Incorporating sensor-play into the teaching of piano technique
I have been teaching a lot of Baroque music in my studio lately, and one of the things I find really hard for students to grasp is playing mezzo-staccatos. Almost every one of my students who first start to play Baroque pieces will see staccatos and play them super short, as they would do with music in their previous learning.
Inspired by Graham Fitch's masterclass on articulation in which he says portato articulation is like a "sticky staccato", I decided to try and introduce this idea to students with a hands-on game approach.
I have found using a jar of Play-Doh has by far been the best way to show my students how to play mezzo-staccatos or portato, and teaches them the correct technique, sound and length of these notes. It can also be really fun!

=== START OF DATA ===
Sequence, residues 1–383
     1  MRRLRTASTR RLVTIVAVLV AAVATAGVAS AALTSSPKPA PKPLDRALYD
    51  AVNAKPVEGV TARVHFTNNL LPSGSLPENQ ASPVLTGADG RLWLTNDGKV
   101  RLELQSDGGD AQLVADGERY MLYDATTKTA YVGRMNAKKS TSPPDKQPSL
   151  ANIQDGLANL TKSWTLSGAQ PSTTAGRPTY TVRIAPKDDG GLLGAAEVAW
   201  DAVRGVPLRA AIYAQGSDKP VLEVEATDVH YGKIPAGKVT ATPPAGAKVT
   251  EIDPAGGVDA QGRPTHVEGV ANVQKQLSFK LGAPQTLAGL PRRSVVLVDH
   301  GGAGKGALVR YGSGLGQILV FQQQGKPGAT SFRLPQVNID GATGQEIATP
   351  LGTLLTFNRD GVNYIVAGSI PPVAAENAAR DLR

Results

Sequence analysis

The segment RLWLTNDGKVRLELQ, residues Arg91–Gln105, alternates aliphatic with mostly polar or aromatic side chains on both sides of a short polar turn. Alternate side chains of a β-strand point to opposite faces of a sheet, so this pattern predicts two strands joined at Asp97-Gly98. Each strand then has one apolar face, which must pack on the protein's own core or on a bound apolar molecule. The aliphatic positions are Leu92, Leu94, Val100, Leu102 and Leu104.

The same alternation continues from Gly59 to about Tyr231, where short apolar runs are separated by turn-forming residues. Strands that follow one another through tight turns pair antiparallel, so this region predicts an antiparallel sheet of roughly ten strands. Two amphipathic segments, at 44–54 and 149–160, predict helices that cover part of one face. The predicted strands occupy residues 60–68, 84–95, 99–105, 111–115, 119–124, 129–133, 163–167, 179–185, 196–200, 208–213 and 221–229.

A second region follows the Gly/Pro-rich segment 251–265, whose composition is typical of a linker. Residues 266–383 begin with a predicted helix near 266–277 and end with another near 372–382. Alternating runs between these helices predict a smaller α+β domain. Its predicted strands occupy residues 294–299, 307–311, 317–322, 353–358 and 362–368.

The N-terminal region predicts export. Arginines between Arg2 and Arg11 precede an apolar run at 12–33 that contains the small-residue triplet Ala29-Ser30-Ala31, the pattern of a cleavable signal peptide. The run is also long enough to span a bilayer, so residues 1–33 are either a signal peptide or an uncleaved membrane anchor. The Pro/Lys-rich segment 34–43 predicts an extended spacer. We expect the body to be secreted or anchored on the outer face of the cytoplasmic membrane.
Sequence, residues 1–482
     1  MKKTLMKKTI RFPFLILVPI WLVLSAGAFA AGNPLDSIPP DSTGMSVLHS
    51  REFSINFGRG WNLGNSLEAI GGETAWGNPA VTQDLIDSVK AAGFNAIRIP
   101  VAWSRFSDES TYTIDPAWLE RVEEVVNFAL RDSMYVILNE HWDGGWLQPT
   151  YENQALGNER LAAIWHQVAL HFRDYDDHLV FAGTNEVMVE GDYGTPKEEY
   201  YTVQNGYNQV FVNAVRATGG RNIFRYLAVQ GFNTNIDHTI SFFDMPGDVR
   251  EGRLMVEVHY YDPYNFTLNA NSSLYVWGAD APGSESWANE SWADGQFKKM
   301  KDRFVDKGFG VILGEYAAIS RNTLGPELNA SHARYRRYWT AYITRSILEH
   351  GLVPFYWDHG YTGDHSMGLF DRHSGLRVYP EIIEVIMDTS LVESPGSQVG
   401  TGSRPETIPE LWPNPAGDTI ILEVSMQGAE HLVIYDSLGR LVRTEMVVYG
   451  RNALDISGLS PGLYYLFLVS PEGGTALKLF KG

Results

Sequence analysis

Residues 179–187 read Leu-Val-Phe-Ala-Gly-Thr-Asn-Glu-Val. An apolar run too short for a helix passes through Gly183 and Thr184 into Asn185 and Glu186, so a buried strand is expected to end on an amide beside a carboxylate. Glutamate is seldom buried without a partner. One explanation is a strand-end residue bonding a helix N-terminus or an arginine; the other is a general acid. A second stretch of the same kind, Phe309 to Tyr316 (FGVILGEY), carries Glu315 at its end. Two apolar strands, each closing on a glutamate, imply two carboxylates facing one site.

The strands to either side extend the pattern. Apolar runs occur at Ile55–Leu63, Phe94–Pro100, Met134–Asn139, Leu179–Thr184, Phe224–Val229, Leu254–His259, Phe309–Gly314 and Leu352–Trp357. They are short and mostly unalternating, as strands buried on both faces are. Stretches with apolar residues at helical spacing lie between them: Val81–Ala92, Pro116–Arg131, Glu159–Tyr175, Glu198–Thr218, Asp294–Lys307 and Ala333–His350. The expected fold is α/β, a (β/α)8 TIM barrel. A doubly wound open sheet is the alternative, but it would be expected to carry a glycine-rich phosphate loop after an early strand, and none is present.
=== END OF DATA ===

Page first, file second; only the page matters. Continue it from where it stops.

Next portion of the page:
As the goal of the game is for the student to carefully lift the ball of Play-Doh off the keys and let it stick to the finger, it teaches them a slower descent and ascent speed while playing and can be a memorable way of introducing this type of articulation on the piano.
I have tried this technique with students of various levels and abilities, and I have found all of the students have loved this game. I also get the students to try and "beat" me in this game, by having more Play-Doh balls stick to their finger tips than me!
This blog post is by Melody Deng